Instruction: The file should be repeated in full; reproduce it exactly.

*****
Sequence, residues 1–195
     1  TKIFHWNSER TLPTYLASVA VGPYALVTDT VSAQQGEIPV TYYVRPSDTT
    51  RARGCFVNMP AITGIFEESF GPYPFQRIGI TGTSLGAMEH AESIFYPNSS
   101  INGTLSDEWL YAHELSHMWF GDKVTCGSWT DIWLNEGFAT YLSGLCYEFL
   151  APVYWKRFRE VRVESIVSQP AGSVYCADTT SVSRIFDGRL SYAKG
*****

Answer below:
Sequence, residues 1–195
     1  TKIFHWNSER TLPTYLASVA VGPYALVTDT VSAQQGEIPV TYYVRPSDTT
    51  RARGCFVNMP AITGIFEESF GPYPFQRIGI TGTSLGAMEH AESIFYPNSS
   101  INGTLSDEWL YAHELSHMWF GDKVTCGSWT DIWLNEGFAT YLSGLCYEFL
   151  APVYWKRFRE VRVESIVSQP AGSVYCADTT SVSRIFDGRL SYAKG